More

Measuring distance between points in ArcMap - what coordinate system to use?


This is a basic -newbie - question. I have some handwritten data points taken off a GPS - so I am assuming they are in WGS 84, and I want to load them in ArcMap 9.3, via excel, and measure the distance between them (they are transects). I would like to know how best to maintain accuracy, and what format the data the coordinates should be when I load them into ArcMap.

The coordinates look like: 39. 51 550, 148.16 841 but the way they have been written they could be 39. 51 .50, 148.16.841 or 39 51.550, 148 16.841. Do these look like WGS 84 coordinates and what is the best way to input them into excel? Do I have to set or reset the projection in ArcMap before I take the measurements?

As you can see I am not confident with the basics of the coordinate system and projection system so any help and tips would be appreciated.


The coordinates look like degrees decimal-minutes. You'll need to convert them to decimal degrees to import them as WGS84. Do this in excel and then add the table to ArcGIS as an Excel table. Then create an XY Event layer from the coordinates. Finally, convert this to a geodatabase feature class of shapefile.

If you want to measure the distances between points on a one by one basis, your best bet is to use the measure tool's geodesic option. See this topic for more detail: http://webhelp.esri.com/arcgiSDEsktop/9.3/index.cfm?TopicName=Measuring_distances_and_areas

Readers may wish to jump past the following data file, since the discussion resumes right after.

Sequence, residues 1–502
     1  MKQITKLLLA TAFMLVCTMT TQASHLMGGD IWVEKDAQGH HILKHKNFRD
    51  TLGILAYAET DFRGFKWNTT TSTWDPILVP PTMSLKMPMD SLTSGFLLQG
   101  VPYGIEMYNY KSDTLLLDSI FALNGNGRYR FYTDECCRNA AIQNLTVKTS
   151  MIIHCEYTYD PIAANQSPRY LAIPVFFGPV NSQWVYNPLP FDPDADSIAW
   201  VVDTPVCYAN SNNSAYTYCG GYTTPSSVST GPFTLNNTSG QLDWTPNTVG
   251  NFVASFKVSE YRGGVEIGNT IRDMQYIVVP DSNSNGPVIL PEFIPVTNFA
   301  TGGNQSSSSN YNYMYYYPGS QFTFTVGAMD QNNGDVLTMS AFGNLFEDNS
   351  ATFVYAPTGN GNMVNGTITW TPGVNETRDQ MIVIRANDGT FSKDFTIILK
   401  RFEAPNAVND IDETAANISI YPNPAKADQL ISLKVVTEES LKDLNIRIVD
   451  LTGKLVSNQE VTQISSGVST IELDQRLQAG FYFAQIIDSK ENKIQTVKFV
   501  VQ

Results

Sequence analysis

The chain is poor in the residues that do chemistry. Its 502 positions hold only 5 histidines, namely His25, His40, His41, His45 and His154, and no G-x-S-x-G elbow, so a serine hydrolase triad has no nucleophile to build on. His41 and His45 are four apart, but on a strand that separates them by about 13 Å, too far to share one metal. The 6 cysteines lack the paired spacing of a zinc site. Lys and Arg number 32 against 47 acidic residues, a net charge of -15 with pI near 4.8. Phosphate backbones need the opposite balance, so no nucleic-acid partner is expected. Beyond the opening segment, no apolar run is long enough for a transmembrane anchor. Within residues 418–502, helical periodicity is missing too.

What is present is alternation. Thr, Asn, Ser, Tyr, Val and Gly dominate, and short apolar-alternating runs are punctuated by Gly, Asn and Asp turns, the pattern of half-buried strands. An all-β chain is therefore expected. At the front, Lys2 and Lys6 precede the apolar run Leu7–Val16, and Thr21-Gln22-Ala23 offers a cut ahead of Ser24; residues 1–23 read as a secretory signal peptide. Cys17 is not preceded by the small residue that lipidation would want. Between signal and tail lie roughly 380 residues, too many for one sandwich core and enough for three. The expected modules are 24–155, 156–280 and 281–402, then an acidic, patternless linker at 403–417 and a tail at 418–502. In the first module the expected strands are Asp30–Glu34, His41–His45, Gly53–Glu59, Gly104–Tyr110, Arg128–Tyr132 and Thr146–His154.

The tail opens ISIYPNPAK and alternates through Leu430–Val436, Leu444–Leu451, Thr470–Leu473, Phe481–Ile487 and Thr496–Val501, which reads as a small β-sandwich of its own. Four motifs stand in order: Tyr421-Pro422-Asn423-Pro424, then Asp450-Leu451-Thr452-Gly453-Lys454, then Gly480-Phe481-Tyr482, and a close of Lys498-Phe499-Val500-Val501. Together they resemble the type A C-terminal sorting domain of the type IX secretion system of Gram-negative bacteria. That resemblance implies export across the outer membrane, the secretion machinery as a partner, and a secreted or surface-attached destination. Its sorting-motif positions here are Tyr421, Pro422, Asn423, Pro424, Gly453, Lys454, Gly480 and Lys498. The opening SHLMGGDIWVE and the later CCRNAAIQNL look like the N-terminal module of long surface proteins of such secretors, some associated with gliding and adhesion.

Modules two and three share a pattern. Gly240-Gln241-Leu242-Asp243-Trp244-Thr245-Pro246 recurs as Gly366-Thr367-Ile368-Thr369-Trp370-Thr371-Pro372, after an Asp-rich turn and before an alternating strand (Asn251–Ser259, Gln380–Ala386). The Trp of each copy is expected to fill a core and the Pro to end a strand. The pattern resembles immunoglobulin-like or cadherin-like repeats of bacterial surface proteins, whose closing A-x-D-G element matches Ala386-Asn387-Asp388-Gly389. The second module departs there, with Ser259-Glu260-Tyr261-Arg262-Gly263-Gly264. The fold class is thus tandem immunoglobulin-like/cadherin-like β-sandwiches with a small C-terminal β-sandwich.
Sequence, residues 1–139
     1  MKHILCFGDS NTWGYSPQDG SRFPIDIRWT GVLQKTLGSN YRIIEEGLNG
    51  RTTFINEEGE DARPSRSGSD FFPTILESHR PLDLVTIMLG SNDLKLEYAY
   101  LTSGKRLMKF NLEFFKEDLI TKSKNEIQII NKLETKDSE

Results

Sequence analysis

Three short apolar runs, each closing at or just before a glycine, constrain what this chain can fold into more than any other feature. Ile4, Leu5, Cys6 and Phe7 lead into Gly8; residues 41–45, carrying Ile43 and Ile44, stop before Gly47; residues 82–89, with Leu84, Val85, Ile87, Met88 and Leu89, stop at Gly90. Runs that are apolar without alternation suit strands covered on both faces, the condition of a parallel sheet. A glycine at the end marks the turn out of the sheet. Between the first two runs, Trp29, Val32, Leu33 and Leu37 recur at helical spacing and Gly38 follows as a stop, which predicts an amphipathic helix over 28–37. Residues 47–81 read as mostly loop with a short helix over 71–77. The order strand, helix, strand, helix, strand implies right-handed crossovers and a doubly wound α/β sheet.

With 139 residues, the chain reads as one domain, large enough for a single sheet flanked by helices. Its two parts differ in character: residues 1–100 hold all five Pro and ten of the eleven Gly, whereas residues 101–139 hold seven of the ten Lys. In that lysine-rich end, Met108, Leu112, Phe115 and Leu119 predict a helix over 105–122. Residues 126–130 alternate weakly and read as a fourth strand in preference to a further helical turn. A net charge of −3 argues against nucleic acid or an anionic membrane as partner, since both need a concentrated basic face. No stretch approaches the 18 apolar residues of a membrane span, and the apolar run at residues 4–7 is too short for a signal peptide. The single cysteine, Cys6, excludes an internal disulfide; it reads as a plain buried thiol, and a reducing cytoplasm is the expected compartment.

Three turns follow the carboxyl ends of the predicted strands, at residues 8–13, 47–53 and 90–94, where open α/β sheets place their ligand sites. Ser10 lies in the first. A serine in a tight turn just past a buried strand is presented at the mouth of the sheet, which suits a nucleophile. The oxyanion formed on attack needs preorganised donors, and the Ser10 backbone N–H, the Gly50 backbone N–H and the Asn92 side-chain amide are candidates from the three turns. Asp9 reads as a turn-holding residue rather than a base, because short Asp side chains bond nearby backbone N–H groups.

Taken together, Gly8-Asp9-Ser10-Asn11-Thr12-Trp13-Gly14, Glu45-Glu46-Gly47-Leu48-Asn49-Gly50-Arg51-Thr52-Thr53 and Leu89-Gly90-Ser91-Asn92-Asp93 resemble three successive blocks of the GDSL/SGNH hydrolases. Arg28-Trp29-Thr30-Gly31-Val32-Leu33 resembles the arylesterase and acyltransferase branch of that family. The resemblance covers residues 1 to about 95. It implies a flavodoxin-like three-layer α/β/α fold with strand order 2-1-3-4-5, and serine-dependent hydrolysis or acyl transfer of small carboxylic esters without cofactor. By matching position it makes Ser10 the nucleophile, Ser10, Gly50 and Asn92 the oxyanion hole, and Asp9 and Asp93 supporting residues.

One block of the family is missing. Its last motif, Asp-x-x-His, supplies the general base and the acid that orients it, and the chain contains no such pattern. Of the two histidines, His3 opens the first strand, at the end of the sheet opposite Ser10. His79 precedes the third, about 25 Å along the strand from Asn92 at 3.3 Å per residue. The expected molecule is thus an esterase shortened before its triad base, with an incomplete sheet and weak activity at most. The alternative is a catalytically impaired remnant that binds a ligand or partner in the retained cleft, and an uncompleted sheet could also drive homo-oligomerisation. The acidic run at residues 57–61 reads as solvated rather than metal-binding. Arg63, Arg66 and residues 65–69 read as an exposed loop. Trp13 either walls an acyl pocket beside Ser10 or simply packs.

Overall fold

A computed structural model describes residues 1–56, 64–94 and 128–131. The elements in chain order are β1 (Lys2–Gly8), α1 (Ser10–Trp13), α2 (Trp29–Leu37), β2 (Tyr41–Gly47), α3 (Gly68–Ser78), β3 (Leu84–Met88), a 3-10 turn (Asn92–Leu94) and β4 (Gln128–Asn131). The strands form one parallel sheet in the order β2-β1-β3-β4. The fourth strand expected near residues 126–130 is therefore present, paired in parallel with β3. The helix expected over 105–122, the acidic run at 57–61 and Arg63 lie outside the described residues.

Craig


In addition to what @Craig Williams has suggested after you have your layer defined in the WGS84 coordinate system you should then re-project your layer to a Projected Coordinate System which is better for measuring purposes.

http://blogs.esri.com/Dev/blogs/arcgisserver/archive/2010/03/05/Measuring-distances-and-areas-when-your-map-uses-the-Mercator-projection.aspx


WGS 1984 Web Mercator and WGS 1984 Web Mercator (Auxiliary Sphere) use a conformal projection that preserves direction and the shape of data but distorts distance and area. Published in 1569 by Gerardus Mercator, the Mercator projection was created for use in navigation. A straight line drawn on a map in this projection provides a bearing by which one could fly a plane or sail a ship between two points.

Examine the illustrations below to view various map projections and their different properties. The maps display the continents plus a 15x15 degree graticule that covers the entire surface of the earth.